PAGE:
Mapping Forest Height in Alaska Using GLAS, Landsat Composites, and Airborne LiDAR
AbstractVegetation structure, including forest canopy height, is an important input variable to fire behavior modeling systems for simulating wildfire behavior. As such, forest canopy height is one of a nationwide suite of products generated by the LANDFIRE program. In the past, LANDFIRE has relied on a combination of field observations and Landsat imagery to develop existing vegetation structure products. The paucity of field data in the remote Alaskan forests has led to a very simple forest canopy height classification for the original LANDFIRE forest height map. To better meet the needs of data users and refine the map legend, LANDFIRE incorporated ICESat Geoscience Laser Altimeter System (GLAS) data into the updating process when developing the LANDFIRE 2010 product. The high latitude of this region enabled dense coverage of discrete GLAS samples, from which forest height was calculated. Different methods for deriving height from the GLAS waveform data were applied, including an attempt to correct for slope. These methods were then evaluated and integrated into the final map according to predefined criteria. The resulting map of forest canopy height includes more height classes than the original map, thereby better depicting the heterogeneity of the landscape, and provides seamless data for fire behavior analysts and other users of LANDFIRE data. View Full-Text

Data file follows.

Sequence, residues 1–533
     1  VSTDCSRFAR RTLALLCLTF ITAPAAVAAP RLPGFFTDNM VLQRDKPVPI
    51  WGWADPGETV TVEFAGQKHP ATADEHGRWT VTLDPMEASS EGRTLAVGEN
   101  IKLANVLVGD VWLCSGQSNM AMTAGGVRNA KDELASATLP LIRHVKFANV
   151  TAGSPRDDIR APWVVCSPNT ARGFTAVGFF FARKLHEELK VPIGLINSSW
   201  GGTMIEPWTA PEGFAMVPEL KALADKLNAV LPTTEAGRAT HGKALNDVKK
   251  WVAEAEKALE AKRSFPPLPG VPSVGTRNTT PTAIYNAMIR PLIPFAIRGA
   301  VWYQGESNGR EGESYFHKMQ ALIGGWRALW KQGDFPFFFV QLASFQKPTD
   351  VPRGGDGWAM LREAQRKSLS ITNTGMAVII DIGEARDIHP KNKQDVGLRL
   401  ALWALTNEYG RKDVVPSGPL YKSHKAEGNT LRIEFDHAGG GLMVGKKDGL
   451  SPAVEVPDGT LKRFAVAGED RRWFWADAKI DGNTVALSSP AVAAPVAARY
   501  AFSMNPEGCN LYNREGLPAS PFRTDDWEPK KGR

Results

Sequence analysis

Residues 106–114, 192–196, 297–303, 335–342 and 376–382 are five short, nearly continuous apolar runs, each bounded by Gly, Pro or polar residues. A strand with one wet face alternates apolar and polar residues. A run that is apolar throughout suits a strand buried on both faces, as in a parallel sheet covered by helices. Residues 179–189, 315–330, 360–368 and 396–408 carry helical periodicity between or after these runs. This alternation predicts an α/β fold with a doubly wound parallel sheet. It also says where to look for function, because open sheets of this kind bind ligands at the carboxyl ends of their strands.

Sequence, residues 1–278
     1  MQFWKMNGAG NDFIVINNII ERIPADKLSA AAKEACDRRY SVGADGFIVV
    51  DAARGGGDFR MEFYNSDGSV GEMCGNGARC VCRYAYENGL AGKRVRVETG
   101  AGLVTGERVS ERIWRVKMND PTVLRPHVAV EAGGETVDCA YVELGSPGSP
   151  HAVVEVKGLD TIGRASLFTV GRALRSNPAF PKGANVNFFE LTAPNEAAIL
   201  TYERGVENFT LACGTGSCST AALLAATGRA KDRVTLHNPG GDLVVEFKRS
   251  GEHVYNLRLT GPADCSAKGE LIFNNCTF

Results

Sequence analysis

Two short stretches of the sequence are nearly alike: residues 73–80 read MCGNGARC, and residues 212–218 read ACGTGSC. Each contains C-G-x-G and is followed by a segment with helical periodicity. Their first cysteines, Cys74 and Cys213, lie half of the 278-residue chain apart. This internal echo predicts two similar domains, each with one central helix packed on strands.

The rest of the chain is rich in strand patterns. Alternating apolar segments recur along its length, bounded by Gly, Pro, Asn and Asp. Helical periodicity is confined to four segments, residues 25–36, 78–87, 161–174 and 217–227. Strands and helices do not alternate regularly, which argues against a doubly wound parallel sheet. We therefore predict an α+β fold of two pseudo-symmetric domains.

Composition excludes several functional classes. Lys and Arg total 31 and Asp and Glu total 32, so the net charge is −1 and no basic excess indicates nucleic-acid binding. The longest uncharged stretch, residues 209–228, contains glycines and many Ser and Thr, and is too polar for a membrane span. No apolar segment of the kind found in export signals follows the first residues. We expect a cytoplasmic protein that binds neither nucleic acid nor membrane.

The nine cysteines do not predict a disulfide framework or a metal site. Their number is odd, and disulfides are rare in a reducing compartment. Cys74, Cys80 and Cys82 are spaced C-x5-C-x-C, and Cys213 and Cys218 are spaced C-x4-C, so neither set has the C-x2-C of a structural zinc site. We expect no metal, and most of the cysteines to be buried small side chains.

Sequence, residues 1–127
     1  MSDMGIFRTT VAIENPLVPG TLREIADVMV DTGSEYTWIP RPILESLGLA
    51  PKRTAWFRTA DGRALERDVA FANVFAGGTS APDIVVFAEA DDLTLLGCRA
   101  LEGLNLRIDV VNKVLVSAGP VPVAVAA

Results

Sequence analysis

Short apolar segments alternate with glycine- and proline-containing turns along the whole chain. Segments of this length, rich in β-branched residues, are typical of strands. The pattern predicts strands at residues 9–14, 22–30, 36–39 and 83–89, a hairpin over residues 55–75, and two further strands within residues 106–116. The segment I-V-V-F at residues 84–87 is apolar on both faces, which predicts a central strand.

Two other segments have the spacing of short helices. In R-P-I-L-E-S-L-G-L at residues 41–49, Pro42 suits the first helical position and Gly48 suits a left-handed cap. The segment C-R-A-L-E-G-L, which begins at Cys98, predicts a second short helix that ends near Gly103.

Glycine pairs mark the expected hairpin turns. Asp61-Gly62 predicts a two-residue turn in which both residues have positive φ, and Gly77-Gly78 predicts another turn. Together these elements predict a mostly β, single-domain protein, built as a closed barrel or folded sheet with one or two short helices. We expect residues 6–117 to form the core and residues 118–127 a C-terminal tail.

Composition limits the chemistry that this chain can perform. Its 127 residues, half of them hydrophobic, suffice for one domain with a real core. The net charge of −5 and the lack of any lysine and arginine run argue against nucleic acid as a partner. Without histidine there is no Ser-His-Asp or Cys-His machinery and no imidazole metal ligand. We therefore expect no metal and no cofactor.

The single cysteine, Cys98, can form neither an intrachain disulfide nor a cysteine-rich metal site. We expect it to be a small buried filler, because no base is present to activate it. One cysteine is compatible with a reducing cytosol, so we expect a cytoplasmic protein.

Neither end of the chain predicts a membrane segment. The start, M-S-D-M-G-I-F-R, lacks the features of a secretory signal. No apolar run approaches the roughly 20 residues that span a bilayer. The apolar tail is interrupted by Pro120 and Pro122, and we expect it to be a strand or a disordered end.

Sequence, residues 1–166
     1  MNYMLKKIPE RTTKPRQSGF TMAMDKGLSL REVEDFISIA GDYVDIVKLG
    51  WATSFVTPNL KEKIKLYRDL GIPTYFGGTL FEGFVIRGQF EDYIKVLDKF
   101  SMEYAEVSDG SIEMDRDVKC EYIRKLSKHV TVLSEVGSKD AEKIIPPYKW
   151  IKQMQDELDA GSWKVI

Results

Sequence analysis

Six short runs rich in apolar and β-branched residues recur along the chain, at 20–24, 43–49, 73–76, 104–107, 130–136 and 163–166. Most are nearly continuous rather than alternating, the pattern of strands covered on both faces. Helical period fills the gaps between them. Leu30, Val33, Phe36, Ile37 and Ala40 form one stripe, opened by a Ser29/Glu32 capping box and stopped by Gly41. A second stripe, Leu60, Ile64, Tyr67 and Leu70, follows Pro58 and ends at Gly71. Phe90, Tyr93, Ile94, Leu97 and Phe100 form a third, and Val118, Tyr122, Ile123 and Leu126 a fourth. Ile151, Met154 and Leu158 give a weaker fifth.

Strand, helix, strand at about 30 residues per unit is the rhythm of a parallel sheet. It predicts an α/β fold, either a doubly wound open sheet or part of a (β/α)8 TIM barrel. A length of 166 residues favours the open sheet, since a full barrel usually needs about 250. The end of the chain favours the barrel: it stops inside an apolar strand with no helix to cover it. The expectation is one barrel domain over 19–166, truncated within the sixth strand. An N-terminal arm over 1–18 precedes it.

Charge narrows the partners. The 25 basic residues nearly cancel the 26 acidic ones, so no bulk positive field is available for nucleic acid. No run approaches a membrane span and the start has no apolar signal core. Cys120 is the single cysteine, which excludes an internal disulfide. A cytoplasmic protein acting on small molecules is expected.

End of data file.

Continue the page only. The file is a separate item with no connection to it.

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Peterson, B.; Nelson, K.J. Mapping Forest Height in Alaska Using GLAS, Landsat Composites, and Airborne LiDAR. Remote Sens. 2014, 6, 12409-12426.
Peterson B, Nelson KJ. Mapping Forest Height in Alaska Using GLAS, Landsat Composites, and Airborne LiDAR. Remote Sensing. 2014; 6(12):12409-12426.Chicago/Turabian Style
Peterson, Birgit; Nelson, Kurtis J. 2014. "Mapping Forest Height in Alaska Using GLAS, Landsat Composites, and Airborne LiDAR." Remote Sens. 6, no. 12: 12409-12426.